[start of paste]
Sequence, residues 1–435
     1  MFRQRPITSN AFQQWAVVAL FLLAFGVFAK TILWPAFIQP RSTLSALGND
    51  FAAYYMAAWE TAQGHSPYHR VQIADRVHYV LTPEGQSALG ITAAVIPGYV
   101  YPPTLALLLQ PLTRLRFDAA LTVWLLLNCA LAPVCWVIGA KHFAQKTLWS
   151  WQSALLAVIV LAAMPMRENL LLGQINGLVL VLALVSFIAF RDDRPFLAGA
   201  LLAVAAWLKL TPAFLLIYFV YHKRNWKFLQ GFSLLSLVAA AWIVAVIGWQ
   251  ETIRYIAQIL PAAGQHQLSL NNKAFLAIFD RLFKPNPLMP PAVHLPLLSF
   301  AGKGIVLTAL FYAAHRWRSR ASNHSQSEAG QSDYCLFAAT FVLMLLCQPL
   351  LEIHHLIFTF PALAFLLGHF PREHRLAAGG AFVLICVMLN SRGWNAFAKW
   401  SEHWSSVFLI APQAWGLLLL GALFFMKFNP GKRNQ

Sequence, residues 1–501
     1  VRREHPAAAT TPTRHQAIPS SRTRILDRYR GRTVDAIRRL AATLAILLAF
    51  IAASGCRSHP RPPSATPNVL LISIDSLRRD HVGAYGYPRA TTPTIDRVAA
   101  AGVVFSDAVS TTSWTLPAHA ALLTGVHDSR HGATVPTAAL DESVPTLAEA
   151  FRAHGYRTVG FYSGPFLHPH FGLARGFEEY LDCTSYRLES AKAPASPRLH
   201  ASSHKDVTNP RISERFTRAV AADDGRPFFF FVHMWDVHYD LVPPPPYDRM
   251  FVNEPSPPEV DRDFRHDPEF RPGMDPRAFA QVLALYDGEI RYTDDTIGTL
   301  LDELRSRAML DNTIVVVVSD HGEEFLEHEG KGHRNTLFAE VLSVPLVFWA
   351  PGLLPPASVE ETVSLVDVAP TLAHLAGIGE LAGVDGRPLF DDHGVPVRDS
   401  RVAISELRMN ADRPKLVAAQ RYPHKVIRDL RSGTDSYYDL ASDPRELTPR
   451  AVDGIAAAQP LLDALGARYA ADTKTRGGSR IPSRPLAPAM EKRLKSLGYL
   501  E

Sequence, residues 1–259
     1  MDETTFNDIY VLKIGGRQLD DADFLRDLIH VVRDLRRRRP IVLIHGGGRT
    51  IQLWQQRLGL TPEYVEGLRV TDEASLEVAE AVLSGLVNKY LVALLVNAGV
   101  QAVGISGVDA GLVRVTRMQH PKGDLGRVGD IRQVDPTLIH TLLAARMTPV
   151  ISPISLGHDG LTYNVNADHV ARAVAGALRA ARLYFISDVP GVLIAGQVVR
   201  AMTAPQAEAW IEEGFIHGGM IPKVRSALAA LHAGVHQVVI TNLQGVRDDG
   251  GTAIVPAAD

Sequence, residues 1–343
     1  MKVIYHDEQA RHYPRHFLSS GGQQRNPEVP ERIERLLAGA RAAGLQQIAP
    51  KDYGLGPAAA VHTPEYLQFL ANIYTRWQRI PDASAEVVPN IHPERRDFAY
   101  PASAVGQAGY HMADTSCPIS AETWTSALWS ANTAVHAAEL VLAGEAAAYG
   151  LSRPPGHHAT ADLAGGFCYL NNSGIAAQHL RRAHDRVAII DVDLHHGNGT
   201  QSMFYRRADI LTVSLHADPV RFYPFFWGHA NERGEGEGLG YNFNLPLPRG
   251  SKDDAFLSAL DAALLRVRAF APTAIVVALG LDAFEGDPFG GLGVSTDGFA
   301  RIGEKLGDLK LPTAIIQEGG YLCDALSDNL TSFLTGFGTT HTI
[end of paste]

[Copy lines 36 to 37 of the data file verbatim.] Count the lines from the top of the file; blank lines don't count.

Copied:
   251  SKDDAFLSAL DAALLRVRAF APTAIVVALG LDAFEGDPFG GLGVSTDGFA
   301  RIGEKLGDLK LPTAIIQEGG YLCDALSDNL TSFLTGFGTT HTI